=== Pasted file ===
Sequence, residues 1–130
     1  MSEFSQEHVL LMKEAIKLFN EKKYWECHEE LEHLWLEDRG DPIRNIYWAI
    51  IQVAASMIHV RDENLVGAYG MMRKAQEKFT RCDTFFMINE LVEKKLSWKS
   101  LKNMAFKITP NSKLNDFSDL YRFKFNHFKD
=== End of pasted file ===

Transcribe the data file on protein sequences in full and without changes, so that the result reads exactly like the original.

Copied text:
Sequence, residues 1–130
     1  MSEFSQEHVL LMKEAIKLFN EKKYWECHEE LEHLWLEDRG DPIRNIYWAI
    51  IQVAASMIHV RDENLVGAYG MMRKAQEKFT RCDTFFMINE LVEKKLSWKS
   101  LKNMAFKITP NSKLNDFSDL YRFKFNHFKD